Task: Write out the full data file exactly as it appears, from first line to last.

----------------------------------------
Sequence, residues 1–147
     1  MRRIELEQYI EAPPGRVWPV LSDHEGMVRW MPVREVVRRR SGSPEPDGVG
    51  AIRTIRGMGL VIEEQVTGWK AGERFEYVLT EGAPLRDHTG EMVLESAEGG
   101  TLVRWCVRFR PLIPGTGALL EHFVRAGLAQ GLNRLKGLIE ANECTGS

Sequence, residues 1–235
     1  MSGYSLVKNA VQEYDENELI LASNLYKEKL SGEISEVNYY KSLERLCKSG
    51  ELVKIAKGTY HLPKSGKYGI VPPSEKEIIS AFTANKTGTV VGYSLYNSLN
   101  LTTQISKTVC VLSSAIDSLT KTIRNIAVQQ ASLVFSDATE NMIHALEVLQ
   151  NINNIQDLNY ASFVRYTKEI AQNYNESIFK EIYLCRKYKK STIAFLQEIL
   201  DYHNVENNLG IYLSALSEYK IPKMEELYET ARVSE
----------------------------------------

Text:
Sequence, residues 1–147
     1  MRRIELEQYI EAPPGRVWPV LSDHEGMVRW MPVREVVRRR SGSPEPDGVG
    51  AIRTIRGMGL VIEEQVTGWK AGERFEYVLT EGAPLRDHTG EMVLESAEGG
   101  TLVRWCVRFR PLIPGTGALL EHFVRAGLAQ GLNRLKGLIE ANECTGS

Sequence, residues 1–235
     1  MSGYSLVKNA VQEYDENELI LASNLYKEKL SGEISEVNYY KSLERLCKSG
    51  ELVKIAKGTY HLPKSGKYGI VPPSEKEIIS AFTANKTGTV VGYSLYNSLN
   101  LTTQISKTVC VLSSAIDSLT KTIRNIAVQQ ASLVFSDATE NMIHALEVLQ
   151  NINNIQDLNY ASFVRYTKEI AQNYNESIFK EIYLCRKYKK STIAFLQEIL
   201  DYHNVENNLG IYLSALSEYK IPKMEELYET ARVSE